Why Is Ice Slippery Enough for Skiing and Skating?

Brianne Costa December 2, 2016

Finding a scientific explanation for why ice is slippery seems simple enough, but it has actually been a subject of debate and confusion for centuries. As part of the world begins to bundle up for a blustery winter, let’s explore the science behind how the slipperiness of ice enables us to ski, skate, and even fall down in the parking lot.

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Caty Fairclough November 11, 2016

In the highly competitive world of professional cricket, every swing is important. To deliver powerful shots, a batsman needs a well-designed bat and knowledge of how to best use it. One way to improve a player’s batting skills, and perhaps design better bats, is to locate their so-called “sweet spots”. A research team from the University of the West Indies achieved this by performing a structural analysis with the COMSOL Multiphysics® software.

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Mateusz Stec February 4, 2016

Pole vaulting is one of the most difficult events to master in track and field. Athletes must be able to run fast, be strong enough to elevate their body by holding the pole, and have excellent body control in order to change position while airborne. Analyzing the science behind this sport offers greater insight into the mechanisms that ensure success.

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Phil Kinnane November 5, 2015

Cricket is the second most popular sport in the world, but it’s also considered an art. This is seen in the technical abilities required by the batsman to protect his wicket and go on to score runs. It’s also due to the type of bowling used to get the batsman out, which depends on a myriad of physical factors. Here, we investigate one of these techniques — the art of swing bowling.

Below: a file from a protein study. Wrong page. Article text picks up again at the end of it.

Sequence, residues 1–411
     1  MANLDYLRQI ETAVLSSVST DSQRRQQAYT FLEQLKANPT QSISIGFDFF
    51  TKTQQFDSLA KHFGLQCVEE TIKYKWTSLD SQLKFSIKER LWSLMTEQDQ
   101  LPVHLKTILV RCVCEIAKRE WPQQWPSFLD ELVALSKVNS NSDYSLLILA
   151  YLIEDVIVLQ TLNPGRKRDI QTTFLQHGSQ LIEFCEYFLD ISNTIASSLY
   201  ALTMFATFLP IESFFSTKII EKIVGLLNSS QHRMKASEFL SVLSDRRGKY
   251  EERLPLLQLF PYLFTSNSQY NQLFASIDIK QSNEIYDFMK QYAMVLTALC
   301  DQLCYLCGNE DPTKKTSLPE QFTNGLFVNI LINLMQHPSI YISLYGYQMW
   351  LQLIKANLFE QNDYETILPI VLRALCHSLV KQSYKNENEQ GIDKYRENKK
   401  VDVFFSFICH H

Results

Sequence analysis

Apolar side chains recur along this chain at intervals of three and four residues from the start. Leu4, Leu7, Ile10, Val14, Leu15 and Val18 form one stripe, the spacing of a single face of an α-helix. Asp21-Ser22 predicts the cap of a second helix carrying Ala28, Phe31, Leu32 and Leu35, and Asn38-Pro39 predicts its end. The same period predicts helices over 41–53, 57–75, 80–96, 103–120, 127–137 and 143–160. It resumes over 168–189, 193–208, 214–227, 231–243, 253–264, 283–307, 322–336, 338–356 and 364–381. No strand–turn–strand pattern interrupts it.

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Fabio Bocchi August 27, 2015

Each year, tennis players from around the world compete at the U.S. Open, one of the oldest and largest tennis tournaments. With the 2015 tournament approaching, I found myself reflecting on my own experiences playing tennis, particularly how the feeling you get after hitting the ball is never quite the same. Is this simply a figment of the imagination or is there a physical answer? As I will explain here, so-called “sweet spots” can account for this feeling.

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Andrew Griesmer July 17, 2014

Professional baseball pitchers are able to make a baseball move left, right, down, and even up (sort of) to get it by the opposing batter. The physics behind this can be explained by the Magnus effect.

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Ed Fontes June 12, 2014

The Beckham and Maradona curl obtained with the inside of the soccer cleat (football boot), and the curl by Eder, Nelinho, and Roberto Carlos with the outside of the cleat, is due to the Magnus effect. The effect is named after the scientist who first observed it in a laboratory in the 1850s. The Magnus effect explains the side-force on a sphere that is both rotating and moving forward. We’ll use it to analyze the FIFA World Cup™ match ball.

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Pawan Soami June 6, 2014

How well you can strike a golf ball is not only determined by your muscle strength, but more importantly — it is influenced by several other factors involved in the mechanics of your golf swing. Let’s see how a multibody analysis of a golf swing can be used to improve the outcome of your stroke.

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